Published: Sat, July 27, 2019
Markets | By Otis Pena

The U.S. Economy Is Slowing As Trade War Takes A Toll

The U.S. Economy Is Slowing As Trade War Takes A Toll

The full report from the Commerce Department is online here. But it was not good news for businesses because fixed investment slipped 0.8%, investment dropped 11%, spending on equipment edged up just 1%, and outlays fell 1.5%. Fed Chairman Jerome Powell early this month flagged business investment and housing as areas of weakness in the economy.

The United States' conomic growth slowed in the second quarter as consumer spending rose, though weaker business investment and exports underscored the risks spurring the Federal Reserve toward an interest-rate cut.

The president has long claimed that his tax cuts, regulation-cutting and the renegotiation of long-established worldwide trade deals would lead to economic growth at or above 3 percent, something that many economists said could not be done. "If the pattern continues, it is not a good sign for the economy because there would be fewer jobs. For this reason, the Fed will cut rates next week".

CME Group's Fedwatch tool showed that the market is pricing in a 100 percent chance of a rate cut at the Fed's upcoming policy meeting on July 30-31, expecting an around 80 percent probability of a lowering of the benchmark interest rate by 25 basis points.

GDP grew by 1.1 percent in the first quarter of 2016 and the second-quarter GDP grew by 1.4 percent and finished the year with 3.5 percent and 2.1 percent growth in the third and fourth quarter.

Not only is he unlikely to hit that mark in 2019, but things appear to be slowing down as growth during the final three months of 2018 was listed at 1.1 percent - less than half the original estimate and the weakest quarterly output in three years. This increase is notably higher than the 2.5 percent pace set in the preceding four quarters. "Not bad considering we have the very heavy weight of the Federal Reserve anchor wrapped around our neck".

Consumer sentiment is near historical highs and robust spending is backstopping growth.

A stronger dollar and yet more tariffs also are making it more hard and less profitable for other countries to do business with the United States. Unemployment stands at the lowest level in a half century and consumer confidence is at a 15-year high, helping Starbucks and McDonald's to report blowout quarterly US sales on Friday. Consumer spending grew at a 1.1% rate in the first quarter.

The question is whether they can sustain it now, as the U.S.

Trump threatens tariffs on French wine over tech tax — International Business
While most of the companies are American , companies based in Germany, China, the United Kingdom and even France will be impacted. France's new law would allow it to gather taxes from the activities undertaken by these companies in France.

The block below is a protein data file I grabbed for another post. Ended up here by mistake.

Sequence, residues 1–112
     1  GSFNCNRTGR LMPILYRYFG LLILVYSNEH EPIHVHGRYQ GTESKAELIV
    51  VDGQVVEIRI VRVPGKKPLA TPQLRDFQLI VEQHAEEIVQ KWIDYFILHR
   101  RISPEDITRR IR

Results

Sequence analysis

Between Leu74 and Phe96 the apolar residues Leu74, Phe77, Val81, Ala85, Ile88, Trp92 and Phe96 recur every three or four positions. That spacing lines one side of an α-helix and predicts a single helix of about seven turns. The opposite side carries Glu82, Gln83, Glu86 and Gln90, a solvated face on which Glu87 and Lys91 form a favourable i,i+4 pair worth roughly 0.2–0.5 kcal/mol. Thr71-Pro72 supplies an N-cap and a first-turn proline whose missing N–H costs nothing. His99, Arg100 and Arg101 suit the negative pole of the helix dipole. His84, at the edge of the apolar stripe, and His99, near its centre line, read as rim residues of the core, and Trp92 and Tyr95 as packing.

Shoppers carry bags of purchased merchandise at the King of Prussia Mall in King of Prussia, Pennsylvania, U.S., December 8, 2018.

Growth in consumer spending, which accounts for more than two-thirds of US economic activity, surged at a 4.3% rate in the second quarter, the fastest since the fourth quarter of 2017. Second-quarter growth, which prompted Trump's mission accomplished declaration, was cut to a 3.5% pace from a 4.2% rate.

"There could be more noticeable effects on various growth components, with weakness in related equipment spending and exports and a partially offsetting increase in inventories", said Daniel Silver, an economist at JPMorgan in NY.

A widening trade deficit and less inventory accumulation may have knocked as much as 1.7 percentage point off the headline growth figure, ING Bank NV estimated before the July 26 data. Retail trade contributed 0.82 percentage points and mining, quarrying, and oil and gas extraction contributed 0.80 percentage points.

The acceleration in consumer spending also helped businesses to whittle down an inventory overhang, leading to a smaller inventory build-up.

GDP grew in all 50 states and Washington, D.C., in the first quarter. Inventories added 0.53 percentage point to GDP growth in the first quarter. Those import taxes have raised costs for many companies, and it's unclear how long the additional tariffs will remain in place. Gross private domestic investment fell at a 4.5% rate, compared with growth of 6.2% in the previous quarter.

The tax cut for businesses was supposed to spur companies to invest in new properties, equipment and products, but after a bounce early previous year, businesses have pulled back on spending.

Going forward, consumer spending will likely still be solid, though growth probably won't be as fast as it was in the second quarter.

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